Joseph Leo Koerner
Victor S. Thomas Professor of the History of Art and Architecture
Joseph Leo Koerner teaches the history of art and architecture from the late Middle Ages through the present, focusing largely on the cultures of Northern Europe, especially Germany, Flanders, and Austria. In addition to general surveys of art history—including a history of Western art conducted in reverse chronology—he has taught thematic courses on iconoclasm, the aesthetics of the ugly, self-portraiture, visual evidence, Romanticism, memory, Viennese architecture, Adam and Eve, and the concept of the enemy. Most of his courses are object-based and conducted in the Harvard Art Museums. Koerner is also a documentary filmmaker interested in the exploring presence of the past—as history, memory, archive, and monument.
Born in Pittsburgh, Pennsylvania, and raised there and in Vienna, Austria, Koerner studied English and German literature at Yale University (B.A. 1980), Cambridge University (M.A. 1982), and University of Heidelberg (1982-3) before entering the graduate program in History of Art at U.C. Berkeley (M.A. 1985, Ph.D. 1988). After three years as Junior Fellow at Harvard’s Society of Fellows (1986-9), he joined the Harvard faculty, where he was Assistant Professor of Fine Art and Professor 1990-1999. 1999-2001 he was Professor of Modern Art History at the University of Frankfurt, and afterwards moved to London, where he was Professor first at University College London, then at the Courtauld Institute of Art (until 2007). He is currently the Victor S. Thomas Professor of History of Art and Architecture and Affiliate of German Languages and Literature at Harvard. He also serves as Senior Fellow of Harvard’s Society of Fellows.
At Harvard, Koerner organized exhibitions on Early Netherlandish Painting (1990), German Renaissance Art (1993), Pieter Bruegel’s engravings (1995), Netherlandish prints 1550-1675 (1999), and Adam and Eve (2018). At the Austrian National Gallery in 1997, he curated a retrospective of the work of his father, the painter Henry Koerner (1915-1991). In 2002, he collaborated with Bruno Latour and Peter Weibel on the exhibition Iconoclash: Beyond the Image Wars at the Center for Art and Media in Karlsruhe, and he contributed to Latour and Weibel’s exhibitions Making Things Public and Reset Modernity!
Koerner’s books include Die Suche nach dem Labyrinth--Der Mythos von Dädalus und Ikarus (1983), Caspar David Friedrich and the Subject of Landscape (1990), The Moment of Self-Portraiture in German Renaissance Art (1993), The Reformation of the Image (2004), Dürer's Hands (2006), and Bosch and Bruegel: From Enemy Painting to Everyday Life (2016). Koerner wrote and presented the three-part series “Northern Renaissance” for BBC Television in 2006, as well as the feature-length documentary “Vienna: City of Dreams,” commissioned by BBC Scotland and premiered on the BBC December 2007.
Koerner was awarded the Jan Mitchell Prize for the History of Art in 1992 and the recipient of the Guggenheim Fellowship 2006-7. He is a member of the American Academy of Arts and Sciences (since 1995) and the American Philosophical Society (since 2008), and currently serves as trustee on the boards of the American Academy of Berlin and the Isabella Stewart Gardner Museum. He has delivered the Slade Lectures at both Cambridge University (2003) and Oxford University (2013), as well as the Mellon Lectures at the National Gallery in Washington (2008), the Tanner Lectures in Human Values at Cambridge University (2012), and the Gombrich Lectures on the Classical Tradition at the Warburg Institute (2016). He held the 2018 Avenali Chair in the Humanities at U.C. Berkeley, where gave talks on current research and screened his film project.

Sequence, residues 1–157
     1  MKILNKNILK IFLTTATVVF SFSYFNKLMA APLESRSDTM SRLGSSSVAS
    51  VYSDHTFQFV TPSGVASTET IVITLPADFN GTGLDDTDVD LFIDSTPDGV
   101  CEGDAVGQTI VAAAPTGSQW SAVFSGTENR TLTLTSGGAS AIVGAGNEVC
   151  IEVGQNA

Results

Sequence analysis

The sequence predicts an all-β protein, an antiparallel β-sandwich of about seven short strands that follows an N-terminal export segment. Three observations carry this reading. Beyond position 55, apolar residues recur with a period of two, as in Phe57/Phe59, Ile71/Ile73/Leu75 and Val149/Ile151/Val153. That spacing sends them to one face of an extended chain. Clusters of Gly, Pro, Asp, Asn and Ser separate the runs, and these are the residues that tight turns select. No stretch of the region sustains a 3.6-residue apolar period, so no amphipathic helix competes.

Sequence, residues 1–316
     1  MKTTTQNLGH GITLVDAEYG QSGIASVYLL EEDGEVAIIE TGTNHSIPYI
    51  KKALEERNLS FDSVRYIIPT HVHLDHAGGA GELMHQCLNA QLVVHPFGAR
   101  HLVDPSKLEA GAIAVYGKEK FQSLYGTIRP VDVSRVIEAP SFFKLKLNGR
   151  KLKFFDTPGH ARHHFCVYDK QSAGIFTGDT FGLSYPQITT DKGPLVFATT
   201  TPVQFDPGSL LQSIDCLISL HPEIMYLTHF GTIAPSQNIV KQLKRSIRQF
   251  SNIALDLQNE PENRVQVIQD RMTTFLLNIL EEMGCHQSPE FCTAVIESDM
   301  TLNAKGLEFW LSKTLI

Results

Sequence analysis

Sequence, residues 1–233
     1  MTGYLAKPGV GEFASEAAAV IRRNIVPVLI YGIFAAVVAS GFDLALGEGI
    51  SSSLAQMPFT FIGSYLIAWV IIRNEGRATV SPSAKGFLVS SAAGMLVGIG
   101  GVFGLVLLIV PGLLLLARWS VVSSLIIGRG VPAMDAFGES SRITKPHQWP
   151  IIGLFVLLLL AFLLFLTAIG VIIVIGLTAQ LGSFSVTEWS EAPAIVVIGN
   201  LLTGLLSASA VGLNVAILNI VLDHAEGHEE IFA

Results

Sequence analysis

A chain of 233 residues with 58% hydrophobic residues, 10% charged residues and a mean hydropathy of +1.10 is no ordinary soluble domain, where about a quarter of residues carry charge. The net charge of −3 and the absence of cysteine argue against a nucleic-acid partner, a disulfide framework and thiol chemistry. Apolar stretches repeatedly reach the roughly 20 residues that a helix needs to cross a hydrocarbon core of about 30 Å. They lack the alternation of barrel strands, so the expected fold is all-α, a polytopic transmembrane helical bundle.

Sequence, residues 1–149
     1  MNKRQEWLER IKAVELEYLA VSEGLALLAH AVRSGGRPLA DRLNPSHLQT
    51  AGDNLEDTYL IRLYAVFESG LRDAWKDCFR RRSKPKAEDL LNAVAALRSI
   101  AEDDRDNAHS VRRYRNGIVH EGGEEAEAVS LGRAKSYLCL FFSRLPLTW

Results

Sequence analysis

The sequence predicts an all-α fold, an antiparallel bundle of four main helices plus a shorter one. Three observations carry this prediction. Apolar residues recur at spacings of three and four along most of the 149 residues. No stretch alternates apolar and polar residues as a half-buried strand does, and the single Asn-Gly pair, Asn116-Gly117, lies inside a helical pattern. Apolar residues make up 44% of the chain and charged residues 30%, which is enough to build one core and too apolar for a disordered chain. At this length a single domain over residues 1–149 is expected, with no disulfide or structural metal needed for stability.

Koerner received the 2009 Andrew W. Mellon Distinguished Achievement Award, which funded the Vienna Project at Harvard. Through that funding, he finished in 2018 the feature-length documentary film The Burning Child, which he wrote, directed, and produced. Shot in Vienna and London, with postproduction in New York and Los Angeles, it explores, through interviews, visual explorations, and music, the dream and nightmare of homemaking in Vienna from the city's emergence as a major metropolis around 1900 through Hitler's annexation of Austria in 1938 and beyond. The project was the subject of an extended conversation between and Professor Benjamin Buchloh published in the Fall 2018 issue of OCTOBER Magazine. Screenings of The Burning Child with fielding questions have taken place at Yale, the Pacific Film Archives, Harvard, the Neue Galerie New York, the Tisch School of Art at NYU, the Met, and in Vienna. Future director's screenings include the Whitney (Nov. 17, 2019), Princeton (Dec. 4), Vanderbild University and University of British Columbia (both in March 2020). The film is an official selection of the 2019 Jewish Film Festival Jerusalem.
2020-2021 Koerner collaborated again with Bruno Latour and Peter Weibel on the large, interdisciplinary exhibition “Critical Zones” mounted at the Center for Art and Media in Karlsruhe in 2021. His contribution to the show consisted of a small exhibition within the exhibition of paintings—borrowed from the Kunsthalle Karlsruhe—related to the Romantic concept of Erdkunde (“earth tidings”). Koerner's current scholarly research concerns art in states of siege or exception, with particular reference to the work of Hieronymus Bosch, Max Beckmann, and Kentridge. He is also collaborating on a exhibition of the art of William Blake, co-curating a large section devoted to Philipp Otto Runge.